So, the methodology used to compare trajectories considering or not the drag force is based in the steps shown below. (i)When studying trajectories without the drag force, a numerical integration is made starting at the periapsis and in backward time, until the point A is reached by the spacecraft (see Figure 1). At this point the spacecraft is assumed to be far enough from Jupiter, so the formulas developed for the two-body celestial mechanics are valid to compute the two-body energy and angular momentum before the close approach for the Sun-spacecraft system. After that, the initial conditions are returned to the periapsis. The cloud of particles is created by making small modifications in the variables and . So, the particles are assumed to have values for the angle of approach and for the altitude of the periapsis. Limits for those increments are fixed in advance, to define the characteristics of the cloud. Larger values represent a strong explosion that generates a more dispersed cloud. On the other side, smaller values for those two limits represent weaker explosions, with a more concentrated cloud of particles. In this part of the calculations it is assumed that the Jacobian constant is the same for all the particles, at the beginning of the motion. Then numerical integrations are made for each particle, this time in forward time. This integration is performed until the spacecraft collide with the planet or escape from it and reaches a point (see Figure 1), assumed to be a point that is far enough from Jupiter such that its effects in the motion of the particle are negligible. At this point two-body celestial mechanics are again assumed to be valid to compute the two-body energy and angular momentum after the close approach for the Sun-spacecraft system again;(ii)The maneuver with the presence of the drag force is similar. The numerical integration starts at periapsis, with the same values for the parameters , and of the maneuver without drag. The integration of the trajectory of the spacecraft is made again backward in time, now including the drag force, until the spacecraft arrives at the point . The numerical integration for the particles is performed forward in time, including the drag force, for each particle until they reach the point B. The same hypotheses made for the situation without the drag force are made here regarding the initial condition of each particle.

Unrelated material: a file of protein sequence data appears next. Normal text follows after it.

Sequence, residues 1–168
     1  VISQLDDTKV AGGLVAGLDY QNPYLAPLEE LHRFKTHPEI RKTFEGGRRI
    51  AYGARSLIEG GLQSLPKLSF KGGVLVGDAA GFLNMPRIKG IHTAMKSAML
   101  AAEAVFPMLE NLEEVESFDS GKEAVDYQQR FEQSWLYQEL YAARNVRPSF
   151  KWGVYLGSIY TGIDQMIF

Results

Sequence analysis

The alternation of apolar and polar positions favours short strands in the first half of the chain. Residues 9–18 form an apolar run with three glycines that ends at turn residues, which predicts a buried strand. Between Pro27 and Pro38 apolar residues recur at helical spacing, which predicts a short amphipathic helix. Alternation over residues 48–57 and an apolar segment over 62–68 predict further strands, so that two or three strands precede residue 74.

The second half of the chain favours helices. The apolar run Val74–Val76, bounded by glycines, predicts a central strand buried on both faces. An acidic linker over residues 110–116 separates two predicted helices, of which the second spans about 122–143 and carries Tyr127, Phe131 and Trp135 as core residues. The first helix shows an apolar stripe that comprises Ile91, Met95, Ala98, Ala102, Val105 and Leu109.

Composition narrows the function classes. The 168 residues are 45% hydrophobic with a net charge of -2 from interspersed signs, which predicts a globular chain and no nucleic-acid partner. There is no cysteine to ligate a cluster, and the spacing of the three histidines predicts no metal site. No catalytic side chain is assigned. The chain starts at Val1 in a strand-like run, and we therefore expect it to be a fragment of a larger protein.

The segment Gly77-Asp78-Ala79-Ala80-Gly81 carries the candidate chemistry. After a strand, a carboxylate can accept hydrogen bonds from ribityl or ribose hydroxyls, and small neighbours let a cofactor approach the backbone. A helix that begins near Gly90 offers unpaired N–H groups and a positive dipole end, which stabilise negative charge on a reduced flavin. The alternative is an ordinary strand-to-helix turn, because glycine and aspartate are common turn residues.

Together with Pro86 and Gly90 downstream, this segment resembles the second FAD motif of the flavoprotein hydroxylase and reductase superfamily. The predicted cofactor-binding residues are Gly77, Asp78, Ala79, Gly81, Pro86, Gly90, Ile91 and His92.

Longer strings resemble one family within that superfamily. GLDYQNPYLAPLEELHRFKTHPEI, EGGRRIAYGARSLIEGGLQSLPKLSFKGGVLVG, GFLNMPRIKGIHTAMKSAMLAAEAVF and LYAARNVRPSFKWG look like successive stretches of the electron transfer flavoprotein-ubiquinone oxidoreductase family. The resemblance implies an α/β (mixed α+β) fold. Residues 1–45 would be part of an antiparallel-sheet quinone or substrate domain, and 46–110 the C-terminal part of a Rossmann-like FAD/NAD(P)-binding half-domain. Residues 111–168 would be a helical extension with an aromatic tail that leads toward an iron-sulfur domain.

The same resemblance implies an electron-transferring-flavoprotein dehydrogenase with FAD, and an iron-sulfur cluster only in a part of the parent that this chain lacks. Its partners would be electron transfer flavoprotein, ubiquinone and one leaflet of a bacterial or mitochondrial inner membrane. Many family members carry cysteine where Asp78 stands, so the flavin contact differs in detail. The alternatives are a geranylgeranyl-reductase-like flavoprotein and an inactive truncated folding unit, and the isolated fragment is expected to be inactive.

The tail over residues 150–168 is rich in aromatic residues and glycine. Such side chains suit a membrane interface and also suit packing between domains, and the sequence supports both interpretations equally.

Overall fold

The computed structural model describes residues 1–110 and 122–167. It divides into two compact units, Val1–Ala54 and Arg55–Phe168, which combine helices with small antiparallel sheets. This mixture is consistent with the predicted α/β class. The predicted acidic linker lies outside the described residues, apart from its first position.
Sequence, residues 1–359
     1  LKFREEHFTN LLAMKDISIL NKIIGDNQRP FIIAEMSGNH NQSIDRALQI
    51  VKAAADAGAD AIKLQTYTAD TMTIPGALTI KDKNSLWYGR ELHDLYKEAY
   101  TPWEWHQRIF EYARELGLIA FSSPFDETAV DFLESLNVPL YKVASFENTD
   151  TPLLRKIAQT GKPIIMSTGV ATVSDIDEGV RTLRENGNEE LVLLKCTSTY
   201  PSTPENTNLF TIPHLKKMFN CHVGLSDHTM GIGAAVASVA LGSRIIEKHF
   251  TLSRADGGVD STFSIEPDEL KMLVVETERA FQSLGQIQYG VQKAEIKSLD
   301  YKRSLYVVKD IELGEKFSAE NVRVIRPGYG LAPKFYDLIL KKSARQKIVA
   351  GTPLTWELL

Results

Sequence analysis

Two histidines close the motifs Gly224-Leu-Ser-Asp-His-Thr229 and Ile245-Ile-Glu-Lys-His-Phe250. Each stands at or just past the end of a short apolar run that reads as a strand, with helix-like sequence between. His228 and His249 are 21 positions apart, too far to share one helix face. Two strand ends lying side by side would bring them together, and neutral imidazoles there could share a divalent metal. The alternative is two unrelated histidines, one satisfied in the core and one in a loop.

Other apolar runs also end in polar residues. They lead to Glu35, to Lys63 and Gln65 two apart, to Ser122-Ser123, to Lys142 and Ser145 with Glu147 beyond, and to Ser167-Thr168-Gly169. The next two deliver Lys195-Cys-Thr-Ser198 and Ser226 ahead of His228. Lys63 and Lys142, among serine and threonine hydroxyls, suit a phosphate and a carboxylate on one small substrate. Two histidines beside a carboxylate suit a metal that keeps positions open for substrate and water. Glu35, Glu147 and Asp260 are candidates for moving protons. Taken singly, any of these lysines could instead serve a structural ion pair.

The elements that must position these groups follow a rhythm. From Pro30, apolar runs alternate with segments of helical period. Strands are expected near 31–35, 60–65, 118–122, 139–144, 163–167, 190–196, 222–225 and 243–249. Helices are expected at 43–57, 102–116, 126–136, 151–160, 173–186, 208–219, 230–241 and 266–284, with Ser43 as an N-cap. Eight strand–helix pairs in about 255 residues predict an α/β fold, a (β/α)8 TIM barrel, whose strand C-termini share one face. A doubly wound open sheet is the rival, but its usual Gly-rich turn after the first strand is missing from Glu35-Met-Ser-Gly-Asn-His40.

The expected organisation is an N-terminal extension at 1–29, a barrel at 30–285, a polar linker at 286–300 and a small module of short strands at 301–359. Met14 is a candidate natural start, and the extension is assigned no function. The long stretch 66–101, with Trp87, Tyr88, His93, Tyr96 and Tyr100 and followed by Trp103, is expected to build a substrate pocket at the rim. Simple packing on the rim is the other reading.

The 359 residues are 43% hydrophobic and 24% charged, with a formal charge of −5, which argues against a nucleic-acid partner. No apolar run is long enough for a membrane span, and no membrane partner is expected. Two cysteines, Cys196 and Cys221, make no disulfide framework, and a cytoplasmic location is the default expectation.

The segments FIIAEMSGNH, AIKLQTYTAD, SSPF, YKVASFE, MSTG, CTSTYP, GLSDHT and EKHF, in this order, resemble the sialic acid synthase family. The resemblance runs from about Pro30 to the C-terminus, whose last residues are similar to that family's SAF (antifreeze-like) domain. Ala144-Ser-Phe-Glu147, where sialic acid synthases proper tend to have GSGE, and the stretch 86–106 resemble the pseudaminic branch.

The same quantities are now calculated to measure the effects of the atmosphere: the energy, the angular momentum, the semi-major axis, the eccentricity and the Jacobian constant before and after the Swing-By. This procedure is repeated with and without the presence of the drag force, what makes possible to measure its influence. The results are shown in figures that have the semi-major axis and the eccentricity of the particles of the cloud after the passage by the atmosphere and the corresponding values for the spacecraft before the passage.